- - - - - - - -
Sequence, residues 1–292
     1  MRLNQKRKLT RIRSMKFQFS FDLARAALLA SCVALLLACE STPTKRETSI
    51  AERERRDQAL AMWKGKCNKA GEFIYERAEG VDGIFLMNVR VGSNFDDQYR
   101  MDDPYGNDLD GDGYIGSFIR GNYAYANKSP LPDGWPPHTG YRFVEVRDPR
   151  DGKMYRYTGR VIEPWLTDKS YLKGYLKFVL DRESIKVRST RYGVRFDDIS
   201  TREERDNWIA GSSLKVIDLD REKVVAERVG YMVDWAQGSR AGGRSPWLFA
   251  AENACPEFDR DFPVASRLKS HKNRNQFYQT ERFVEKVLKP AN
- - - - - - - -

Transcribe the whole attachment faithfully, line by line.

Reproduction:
Sequence, residues 1–292
     1  MRLNQKRKLT RIRSMKFQFS FDLARAALLA SCVALLLACE STPTKRETSI
    51  AERERRDQAL AMWKGKCNKA GEFIYERAEG VDGIFLMNVR VGSNFDDQYR
   101  MDDPYGNDLD GDGYIGSFIR GNYAYANKSP LPDGWPPHTG YRFVEVRDPR
   151  DGKMYRYTGR VIEPWLTDKS YLKGYLKFVL DRESIKVRST RYGVRFDDIS
   201  TREERDNWIA GSSLKVIDLD REKVVAERVG YMVDWAQGSR AGGRSPWLFA
   251  AENACPEFDR DFPVASRLKS HKNRNQFYQT ERFVEKVLKP AN